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Milkwood At Oakridge

March 15, 2019 Dining No Comments Email Email

On Saturday March 30, Oakridge Restaurant and Winery in the Yarra Valley will host permaculture experts Kirsten Bradley and Nick Ritar of Milkwood for a special one-off dinner. Oakridge’s Co-Executive Chefs Jo Barrett and Matt Stone will join Kirsten and Nick to deliver an event celebrating a joint passion for wild foods, fermentation and farming. Guests will enjoy a one-off menu by Matt and Jo, made from ingredients foraged and sourced locally and grown on the Oakridge estate.

Select Oakridge wine vintages will be featured, reinforcing the connection of local flavour and the taste of the Yarra Valley. During dinner, Kirsten and Nick will lead a lively discussion of the evolution of wild foods in Australia, sustainable farming and how we can all find a little piece of wilderness wherever we are.

Oakridge is above all a serendipitous alignment of ideologies. All wines and dishes produced at Oakridge are unified by a profound sense of place which comes from a deep respect for the surrounding land and community of Victoria’s famed Yarra Valley. A shared obsession with the earth runs through all aspects of Oakridge, with each wine and dish connected to and enriched by the environment from which they come. As self-proclaimed ‘avant gardeners’, Oakridge’s chefs and winemakers have a deep respect for the principles of permaculture. In this special dinner, guests will be given an opportunity to understand the interconnectedness of each ingredient on their plate and wine in their glass.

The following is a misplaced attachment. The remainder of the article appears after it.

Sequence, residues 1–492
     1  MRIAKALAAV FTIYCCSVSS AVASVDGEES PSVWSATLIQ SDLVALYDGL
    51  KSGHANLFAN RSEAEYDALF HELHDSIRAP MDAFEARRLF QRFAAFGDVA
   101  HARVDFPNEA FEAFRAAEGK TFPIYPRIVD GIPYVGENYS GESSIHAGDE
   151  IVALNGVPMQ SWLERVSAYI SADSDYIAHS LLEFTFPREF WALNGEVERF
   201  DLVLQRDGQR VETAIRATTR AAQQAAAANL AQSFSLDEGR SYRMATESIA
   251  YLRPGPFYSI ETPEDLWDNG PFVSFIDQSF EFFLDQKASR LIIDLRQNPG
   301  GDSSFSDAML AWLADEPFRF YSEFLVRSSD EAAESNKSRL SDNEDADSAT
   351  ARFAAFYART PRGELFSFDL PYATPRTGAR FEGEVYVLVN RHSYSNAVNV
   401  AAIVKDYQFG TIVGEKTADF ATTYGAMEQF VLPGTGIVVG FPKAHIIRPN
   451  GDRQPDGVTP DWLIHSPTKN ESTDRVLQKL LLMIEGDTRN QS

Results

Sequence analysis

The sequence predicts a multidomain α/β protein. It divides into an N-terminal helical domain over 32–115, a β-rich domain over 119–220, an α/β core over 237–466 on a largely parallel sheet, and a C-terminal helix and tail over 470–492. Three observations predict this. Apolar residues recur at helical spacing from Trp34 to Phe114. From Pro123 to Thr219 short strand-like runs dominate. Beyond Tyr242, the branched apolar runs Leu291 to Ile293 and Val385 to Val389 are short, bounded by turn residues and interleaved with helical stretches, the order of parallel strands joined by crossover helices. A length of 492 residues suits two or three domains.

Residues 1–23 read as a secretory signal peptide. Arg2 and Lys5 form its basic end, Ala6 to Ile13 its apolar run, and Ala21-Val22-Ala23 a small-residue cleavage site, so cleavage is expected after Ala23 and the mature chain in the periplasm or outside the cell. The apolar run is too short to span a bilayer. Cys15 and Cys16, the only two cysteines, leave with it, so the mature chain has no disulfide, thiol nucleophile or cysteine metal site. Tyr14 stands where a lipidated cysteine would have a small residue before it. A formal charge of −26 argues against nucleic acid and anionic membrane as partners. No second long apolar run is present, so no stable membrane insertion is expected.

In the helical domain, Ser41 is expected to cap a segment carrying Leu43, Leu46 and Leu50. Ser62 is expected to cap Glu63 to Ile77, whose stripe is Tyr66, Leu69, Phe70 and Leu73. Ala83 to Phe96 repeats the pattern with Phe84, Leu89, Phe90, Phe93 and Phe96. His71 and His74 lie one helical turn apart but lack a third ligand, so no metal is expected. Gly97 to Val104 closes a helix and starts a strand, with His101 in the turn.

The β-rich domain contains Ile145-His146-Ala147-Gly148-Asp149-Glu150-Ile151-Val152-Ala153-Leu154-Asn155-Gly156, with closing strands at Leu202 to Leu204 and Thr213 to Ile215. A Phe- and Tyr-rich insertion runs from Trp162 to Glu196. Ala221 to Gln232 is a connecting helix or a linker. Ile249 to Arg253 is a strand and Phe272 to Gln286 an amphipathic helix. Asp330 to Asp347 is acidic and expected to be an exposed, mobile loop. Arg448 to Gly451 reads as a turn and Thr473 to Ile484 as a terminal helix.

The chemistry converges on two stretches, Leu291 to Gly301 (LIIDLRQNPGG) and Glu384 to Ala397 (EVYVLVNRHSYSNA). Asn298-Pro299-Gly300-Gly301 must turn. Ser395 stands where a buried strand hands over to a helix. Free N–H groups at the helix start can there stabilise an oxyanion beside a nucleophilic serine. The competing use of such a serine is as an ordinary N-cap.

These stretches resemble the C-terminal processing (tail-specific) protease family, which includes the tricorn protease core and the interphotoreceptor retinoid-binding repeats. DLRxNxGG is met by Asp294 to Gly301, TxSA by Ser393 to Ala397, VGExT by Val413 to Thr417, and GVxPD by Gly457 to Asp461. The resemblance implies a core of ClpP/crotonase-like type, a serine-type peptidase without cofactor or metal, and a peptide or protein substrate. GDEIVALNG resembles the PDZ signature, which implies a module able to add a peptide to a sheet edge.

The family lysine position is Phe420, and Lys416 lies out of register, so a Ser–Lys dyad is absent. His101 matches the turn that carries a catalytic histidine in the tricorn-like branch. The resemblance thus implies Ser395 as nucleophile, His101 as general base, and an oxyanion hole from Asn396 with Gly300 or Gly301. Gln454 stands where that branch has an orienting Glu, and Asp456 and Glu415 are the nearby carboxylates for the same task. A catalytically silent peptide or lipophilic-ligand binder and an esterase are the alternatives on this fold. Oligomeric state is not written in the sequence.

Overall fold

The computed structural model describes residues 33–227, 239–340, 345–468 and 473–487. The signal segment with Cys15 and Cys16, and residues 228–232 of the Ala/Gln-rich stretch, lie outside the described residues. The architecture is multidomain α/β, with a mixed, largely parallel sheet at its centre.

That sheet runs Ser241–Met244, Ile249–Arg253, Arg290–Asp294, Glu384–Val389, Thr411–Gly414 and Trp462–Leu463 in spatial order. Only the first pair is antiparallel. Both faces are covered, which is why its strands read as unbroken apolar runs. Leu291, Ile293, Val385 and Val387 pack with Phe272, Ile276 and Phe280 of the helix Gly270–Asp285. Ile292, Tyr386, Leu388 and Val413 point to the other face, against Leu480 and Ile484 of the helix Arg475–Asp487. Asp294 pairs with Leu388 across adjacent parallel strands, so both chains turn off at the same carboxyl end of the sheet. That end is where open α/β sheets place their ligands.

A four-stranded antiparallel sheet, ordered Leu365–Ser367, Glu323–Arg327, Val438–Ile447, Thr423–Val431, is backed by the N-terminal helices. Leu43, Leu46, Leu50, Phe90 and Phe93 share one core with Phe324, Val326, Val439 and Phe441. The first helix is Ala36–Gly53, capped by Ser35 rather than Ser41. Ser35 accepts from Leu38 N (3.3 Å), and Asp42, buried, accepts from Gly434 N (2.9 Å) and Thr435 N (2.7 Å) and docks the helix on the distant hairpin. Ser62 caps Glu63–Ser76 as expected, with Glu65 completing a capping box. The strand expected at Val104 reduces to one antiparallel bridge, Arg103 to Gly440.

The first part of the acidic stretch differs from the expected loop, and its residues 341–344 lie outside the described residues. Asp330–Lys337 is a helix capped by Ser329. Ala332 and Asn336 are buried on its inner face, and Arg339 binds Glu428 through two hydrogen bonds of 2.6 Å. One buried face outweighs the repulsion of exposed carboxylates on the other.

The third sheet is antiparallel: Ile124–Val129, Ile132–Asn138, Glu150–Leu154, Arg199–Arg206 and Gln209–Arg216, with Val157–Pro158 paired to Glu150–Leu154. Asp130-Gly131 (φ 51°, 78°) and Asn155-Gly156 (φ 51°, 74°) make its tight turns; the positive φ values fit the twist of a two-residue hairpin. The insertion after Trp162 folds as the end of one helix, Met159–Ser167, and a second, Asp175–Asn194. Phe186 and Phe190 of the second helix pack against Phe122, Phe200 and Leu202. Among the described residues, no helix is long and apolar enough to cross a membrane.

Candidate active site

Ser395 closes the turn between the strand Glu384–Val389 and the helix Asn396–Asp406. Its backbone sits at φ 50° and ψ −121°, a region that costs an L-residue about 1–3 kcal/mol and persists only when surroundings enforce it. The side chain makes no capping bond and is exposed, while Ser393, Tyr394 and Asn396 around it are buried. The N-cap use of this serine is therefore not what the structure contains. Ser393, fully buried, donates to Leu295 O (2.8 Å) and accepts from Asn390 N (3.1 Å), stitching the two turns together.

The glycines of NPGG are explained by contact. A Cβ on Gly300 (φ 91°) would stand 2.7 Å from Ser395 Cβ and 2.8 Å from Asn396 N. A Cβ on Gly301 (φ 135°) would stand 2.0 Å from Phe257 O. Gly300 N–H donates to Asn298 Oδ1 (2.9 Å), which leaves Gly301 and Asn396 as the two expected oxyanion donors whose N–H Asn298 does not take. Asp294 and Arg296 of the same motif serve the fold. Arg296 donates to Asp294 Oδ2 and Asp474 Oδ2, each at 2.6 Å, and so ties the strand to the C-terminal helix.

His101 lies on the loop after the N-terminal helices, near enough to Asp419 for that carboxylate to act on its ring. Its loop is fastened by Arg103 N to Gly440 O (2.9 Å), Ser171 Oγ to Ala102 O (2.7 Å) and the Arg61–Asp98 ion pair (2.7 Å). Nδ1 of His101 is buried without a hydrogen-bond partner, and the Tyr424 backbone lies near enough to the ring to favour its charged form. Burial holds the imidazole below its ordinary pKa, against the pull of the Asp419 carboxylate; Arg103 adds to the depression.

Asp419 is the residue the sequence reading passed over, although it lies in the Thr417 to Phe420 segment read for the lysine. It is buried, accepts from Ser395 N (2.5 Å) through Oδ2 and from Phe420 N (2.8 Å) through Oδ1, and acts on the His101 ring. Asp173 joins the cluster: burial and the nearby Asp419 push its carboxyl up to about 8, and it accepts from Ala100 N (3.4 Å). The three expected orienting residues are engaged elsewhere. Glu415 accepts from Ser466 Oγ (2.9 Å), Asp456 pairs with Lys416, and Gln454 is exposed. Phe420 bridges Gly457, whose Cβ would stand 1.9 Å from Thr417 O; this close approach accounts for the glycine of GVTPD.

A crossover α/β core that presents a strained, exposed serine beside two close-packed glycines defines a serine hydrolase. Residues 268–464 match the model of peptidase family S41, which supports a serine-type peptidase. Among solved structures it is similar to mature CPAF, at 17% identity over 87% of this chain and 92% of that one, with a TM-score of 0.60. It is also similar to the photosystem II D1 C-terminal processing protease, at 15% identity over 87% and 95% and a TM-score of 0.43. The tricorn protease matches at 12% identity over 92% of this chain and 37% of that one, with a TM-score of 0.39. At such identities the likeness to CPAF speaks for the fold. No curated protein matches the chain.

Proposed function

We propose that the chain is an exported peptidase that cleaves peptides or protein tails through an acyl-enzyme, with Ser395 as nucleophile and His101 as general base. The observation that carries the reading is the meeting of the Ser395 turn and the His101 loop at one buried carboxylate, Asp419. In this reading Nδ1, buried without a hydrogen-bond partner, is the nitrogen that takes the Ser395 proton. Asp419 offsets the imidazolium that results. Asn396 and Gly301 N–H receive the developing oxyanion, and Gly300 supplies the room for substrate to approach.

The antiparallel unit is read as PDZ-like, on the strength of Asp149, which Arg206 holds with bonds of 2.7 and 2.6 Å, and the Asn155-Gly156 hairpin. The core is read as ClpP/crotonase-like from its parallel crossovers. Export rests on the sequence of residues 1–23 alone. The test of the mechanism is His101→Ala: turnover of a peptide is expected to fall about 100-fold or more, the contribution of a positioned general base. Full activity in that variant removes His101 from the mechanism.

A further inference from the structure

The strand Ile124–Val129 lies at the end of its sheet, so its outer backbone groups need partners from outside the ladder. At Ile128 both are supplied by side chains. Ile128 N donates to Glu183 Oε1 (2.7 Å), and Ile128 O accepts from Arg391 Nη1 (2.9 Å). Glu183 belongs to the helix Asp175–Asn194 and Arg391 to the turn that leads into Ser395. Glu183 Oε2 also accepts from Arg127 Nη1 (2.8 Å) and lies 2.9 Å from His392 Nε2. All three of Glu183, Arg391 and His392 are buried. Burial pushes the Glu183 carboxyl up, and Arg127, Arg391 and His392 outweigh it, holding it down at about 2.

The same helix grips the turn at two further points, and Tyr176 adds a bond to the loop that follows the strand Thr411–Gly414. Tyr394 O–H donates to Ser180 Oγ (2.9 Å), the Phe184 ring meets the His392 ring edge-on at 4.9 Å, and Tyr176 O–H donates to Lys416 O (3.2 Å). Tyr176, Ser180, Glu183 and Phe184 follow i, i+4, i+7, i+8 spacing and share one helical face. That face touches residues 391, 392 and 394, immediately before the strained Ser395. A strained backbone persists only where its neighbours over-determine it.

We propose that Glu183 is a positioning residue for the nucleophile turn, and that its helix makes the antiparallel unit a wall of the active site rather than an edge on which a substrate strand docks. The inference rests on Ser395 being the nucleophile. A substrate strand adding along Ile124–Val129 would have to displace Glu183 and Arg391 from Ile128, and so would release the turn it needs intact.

Chefs Matt Stone and Jo Barrett took over the Oakridge kitchen in 2015, excited by the prospect of being surrounded by nature and a community who thrive on producing beautiful food and beverage products. They lovingly refer to the food at Oakridge as ‘Yarra Valley Cuisine’, as they use only what they can grow, source and forage from the local area.

Kirsten Bradley and Nick Ritar left the city ten years ago with a dream of living simply and within their means. They started a small permaculture farm called Milkwood. Since then, they’ve been growing food and sharing skills wherever they lived or travelled, from building biochar stoves to creating rooftop community gardens and teaching permaculture design. They currently live, grow, forage and keep bees on their two-acre permaculture farm near Daylesford.

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